Boeing will launch the second orbital test of its Starliner capsule on May 19. Orbital Flight Test 2 (OFT-2) is a much-anticipated mission, aiming to succeed where OFT-1 failed.

The aforementioned flight test was plagued by two critical navigation issues with the CST-100 Starliner spacecraft. Three years later, Boeing hopes to prove their system with a successful launch, orbit, and docking at the International Space Station (ISS). If all goes according to plan, Starliner will successfully deliver 500 pounds of cargo to the ISS and set the stage for the Starliner’s first crewed mission to the station later this year.

Boeing’s Starliner program is a vital component of its space program in the coming years. The Starliner is in stiff competition with SpaceX’s Crew Dragon to transport astronauts to the ISS — but unlike Starliner, Crew Dragon has carried five missions to the ISS, most recently Crew-4 and the Axiom-1 private tourist mission. As a prerequisite to carrying crews to orbit, Boeing must prove the safety of its launch system. This includes critical orbital missions like OFT-2 that must take place before any astronauts can launch aboard the capsule.

The launch vehicle consists of a Boeing CST-100 Starliner spacecraft attached to an Atlas V rocket. Starliner rests atop an Atlas-Centaur upper stage with the help of a launch vehicle adapter (LVA) and an aeroskirt, which mitigates shockwaves created during launch. This aeroskirt is the same diameter as the Starliner and hangs over the edge of the Centaur upper stage. In total, the launch vehicle stands 172 ft (52.4 meters) tall.

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The Atlas V is powered by a single, powerful RD-180 engine on the booster stage, along with two Solid Rocket Boosters (SRB) attached alongside. Combined, this engine configuration will provide roughly 1.5 million pounds of thrust. Comparably, the Centaur stage can produce approximately 22,600 pounds of thrust through its dual RL10A-4-2 engines. The United Launch Alliance will soon phase out the Atlas V in favor of the Vulcan rocket due to many factors, including the RD-180’s Russian origins.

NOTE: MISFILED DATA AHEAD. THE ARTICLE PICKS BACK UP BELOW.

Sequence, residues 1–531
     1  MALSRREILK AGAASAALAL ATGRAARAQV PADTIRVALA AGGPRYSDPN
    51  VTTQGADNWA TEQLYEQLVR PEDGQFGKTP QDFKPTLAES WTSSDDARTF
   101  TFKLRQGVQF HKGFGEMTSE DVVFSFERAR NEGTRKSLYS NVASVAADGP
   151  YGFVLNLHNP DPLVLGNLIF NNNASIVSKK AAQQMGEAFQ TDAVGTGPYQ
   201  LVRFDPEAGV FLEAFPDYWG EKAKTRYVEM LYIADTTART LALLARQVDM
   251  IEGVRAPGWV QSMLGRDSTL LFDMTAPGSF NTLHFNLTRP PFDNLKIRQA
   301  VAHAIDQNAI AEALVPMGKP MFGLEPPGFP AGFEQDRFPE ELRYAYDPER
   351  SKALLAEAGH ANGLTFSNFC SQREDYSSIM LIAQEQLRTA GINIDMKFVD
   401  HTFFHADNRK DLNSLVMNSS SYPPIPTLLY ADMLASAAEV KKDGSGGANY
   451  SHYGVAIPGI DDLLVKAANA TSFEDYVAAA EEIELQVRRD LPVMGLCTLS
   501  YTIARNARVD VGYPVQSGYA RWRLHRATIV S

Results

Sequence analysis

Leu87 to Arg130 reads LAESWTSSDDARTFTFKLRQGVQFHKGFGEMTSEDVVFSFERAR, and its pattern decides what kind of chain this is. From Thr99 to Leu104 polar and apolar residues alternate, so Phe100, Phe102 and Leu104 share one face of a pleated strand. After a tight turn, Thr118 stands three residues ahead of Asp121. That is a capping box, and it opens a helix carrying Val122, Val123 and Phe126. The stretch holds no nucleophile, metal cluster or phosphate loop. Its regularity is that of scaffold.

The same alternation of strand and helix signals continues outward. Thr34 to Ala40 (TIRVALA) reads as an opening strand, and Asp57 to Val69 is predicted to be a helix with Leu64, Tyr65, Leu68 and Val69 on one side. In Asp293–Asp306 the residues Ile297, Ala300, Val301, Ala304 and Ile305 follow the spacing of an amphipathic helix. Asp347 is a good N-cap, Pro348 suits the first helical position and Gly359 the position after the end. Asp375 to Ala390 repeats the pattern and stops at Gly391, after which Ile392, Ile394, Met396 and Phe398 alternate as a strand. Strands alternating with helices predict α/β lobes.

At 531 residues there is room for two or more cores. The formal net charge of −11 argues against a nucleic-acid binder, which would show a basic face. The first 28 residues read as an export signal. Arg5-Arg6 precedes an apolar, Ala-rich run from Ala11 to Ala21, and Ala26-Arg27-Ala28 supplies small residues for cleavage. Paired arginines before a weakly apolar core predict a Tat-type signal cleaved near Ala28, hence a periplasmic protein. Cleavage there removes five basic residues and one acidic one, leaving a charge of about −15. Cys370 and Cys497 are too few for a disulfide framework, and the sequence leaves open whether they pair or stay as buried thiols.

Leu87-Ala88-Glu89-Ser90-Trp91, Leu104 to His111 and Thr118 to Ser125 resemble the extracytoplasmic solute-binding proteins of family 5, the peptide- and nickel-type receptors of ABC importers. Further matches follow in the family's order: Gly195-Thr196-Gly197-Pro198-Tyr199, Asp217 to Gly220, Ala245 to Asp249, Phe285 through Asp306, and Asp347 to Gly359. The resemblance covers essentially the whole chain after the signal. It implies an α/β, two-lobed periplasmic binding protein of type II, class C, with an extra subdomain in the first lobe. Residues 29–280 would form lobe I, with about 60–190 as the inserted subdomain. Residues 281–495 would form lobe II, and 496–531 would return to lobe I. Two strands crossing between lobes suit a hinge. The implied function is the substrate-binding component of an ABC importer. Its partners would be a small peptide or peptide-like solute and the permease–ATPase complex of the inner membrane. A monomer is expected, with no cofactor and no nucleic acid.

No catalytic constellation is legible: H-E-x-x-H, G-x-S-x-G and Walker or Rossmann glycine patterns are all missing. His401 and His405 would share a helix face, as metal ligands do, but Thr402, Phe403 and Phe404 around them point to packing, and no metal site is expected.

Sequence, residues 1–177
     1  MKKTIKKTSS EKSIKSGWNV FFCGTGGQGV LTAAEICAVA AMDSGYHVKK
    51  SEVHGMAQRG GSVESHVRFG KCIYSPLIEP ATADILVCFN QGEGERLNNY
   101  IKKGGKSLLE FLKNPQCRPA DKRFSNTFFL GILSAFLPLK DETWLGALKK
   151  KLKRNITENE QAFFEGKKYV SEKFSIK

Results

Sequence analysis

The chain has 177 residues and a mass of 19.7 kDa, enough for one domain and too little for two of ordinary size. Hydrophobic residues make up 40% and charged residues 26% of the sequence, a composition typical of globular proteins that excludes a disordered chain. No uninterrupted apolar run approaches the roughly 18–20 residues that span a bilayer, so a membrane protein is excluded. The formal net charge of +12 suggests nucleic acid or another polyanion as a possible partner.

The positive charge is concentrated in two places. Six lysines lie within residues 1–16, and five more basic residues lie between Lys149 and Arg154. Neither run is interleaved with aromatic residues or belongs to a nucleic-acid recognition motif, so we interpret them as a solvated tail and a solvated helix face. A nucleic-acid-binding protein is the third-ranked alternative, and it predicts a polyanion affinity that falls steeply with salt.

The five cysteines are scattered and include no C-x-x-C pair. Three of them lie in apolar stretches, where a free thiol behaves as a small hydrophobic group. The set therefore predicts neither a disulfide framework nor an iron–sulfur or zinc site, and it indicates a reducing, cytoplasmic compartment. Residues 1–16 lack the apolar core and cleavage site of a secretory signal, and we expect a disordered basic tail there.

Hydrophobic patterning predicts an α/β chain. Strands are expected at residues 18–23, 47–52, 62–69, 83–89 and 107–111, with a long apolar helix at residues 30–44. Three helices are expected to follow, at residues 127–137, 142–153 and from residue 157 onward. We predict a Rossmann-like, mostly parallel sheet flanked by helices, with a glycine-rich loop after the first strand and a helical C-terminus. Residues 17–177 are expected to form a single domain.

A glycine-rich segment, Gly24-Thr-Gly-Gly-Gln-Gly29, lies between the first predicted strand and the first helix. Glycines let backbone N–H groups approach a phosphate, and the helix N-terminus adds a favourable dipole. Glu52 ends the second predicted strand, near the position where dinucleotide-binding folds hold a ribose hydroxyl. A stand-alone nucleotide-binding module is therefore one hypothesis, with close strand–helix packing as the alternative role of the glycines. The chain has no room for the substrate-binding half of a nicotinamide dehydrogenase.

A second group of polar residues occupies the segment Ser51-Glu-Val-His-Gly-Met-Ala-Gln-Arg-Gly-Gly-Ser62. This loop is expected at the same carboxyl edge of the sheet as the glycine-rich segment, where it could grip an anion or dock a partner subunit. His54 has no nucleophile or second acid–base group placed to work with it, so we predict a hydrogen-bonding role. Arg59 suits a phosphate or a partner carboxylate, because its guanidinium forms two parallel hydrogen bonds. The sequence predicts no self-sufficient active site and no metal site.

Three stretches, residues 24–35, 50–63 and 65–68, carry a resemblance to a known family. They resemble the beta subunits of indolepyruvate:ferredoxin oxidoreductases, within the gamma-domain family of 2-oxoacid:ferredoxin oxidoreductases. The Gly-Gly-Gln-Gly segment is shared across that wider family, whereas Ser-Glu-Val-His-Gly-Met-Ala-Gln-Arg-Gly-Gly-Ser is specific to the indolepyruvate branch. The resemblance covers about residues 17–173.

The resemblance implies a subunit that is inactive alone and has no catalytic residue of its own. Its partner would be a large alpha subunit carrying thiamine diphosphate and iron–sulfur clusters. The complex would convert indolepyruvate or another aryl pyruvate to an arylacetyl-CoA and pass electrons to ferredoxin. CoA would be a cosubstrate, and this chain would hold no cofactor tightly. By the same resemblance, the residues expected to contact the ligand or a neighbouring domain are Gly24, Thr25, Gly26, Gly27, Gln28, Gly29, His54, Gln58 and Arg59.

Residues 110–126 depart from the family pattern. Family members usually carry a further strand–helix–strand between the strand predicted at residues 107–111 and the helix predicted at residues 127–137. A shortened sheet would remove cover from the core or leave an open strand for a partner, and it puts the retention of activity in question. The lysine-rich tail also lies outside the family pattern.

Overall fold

Atlas V will lift off from Cape Canaveral at 6:54 p.m. As the rocket ascends into the sky, it will perform a pitch-over to align itself along the mission path. Atlas V will also vector its thrust to roll over the rocket into a “heads-up” position so that any potential astronauts would be seated upright.

  • The rocket will reach the speed of sound (Mach 1) at T+1:05.
  • At T+2:20, the SRBs will jettison to the sides of Atlas’ booster.
  • At T+4:29, Atlas’ booster stage will shut off its engine, and the Centaur second stage will continue alone with Starliner. Atlas V will burn up in the atmosphere, along with the two SRBs.
  • At T+4:41, Starliner’s Ascent Cover will Jettison itself from the capsule. This aerodynamic shield streamlines Starliner by reducing drag in the atmosphere, but is dead weight in space. Centaur’s dual engines will fire up and set the system on a suborbital trajectory shortly after. This ensures that if navigation systems fail aboard Starliner, it will naturally return to Earth off the Australian coast.
  • At T+5:05, the aeroskirt will be jettisoned
  • At roughly 12 minutes, the main engine cutoff (MECO) of Centaur’s engines will occur, preparing Starliner for separation
  • At T+14:50, the Starliner Spacecraft will finally separate from Centaur and begin its journey to the International Space Station
  • Remotely guided by NASA mission control in Houston, Starliner will dock with the Space Station at 7:10 p.m. Friday, May 20.

Nearly three years ago, OFT-1 aimed to accomplish the same goals as OFT-2. Although the Atlas V rocket inserted the Starliner capsule into a perfect trajectory, the capsule’s navigational systems believed “it was in an orbital insertion burn.” Despite this failure, mission control was able to safely return Starliner to Earth. Over the coming months, inspectors found that the capsule had encountered two critical software issues.

Comprehensively inspecting and fixing the navigation system for a complex spacecraft is no easy task, which is one of the reasons why a second orbital test has been so delayed. Unrelated issues forced Boeing to scrub the intended second launch in August 2021. Now that Starliner is back and presumably better than ever, this launch will test the complex imaging system required to dock to the ISS, along with the rest of the Starliner spacecraft.

WHAT’S NEXT? — If OFT-2 is successful, Boeing can finally progress toward moving astronauts to the International Space Station. Currently, NASA’s only ride to the ISS is through SpaceX’s Crew Dragon program, which has seen four flawless Commercial Crew missions to the space station, two other crewed launches to the ISS, and one orbital all-civilian mission. Pending a successful test, Starliner could see crewed use by the end of 2022.

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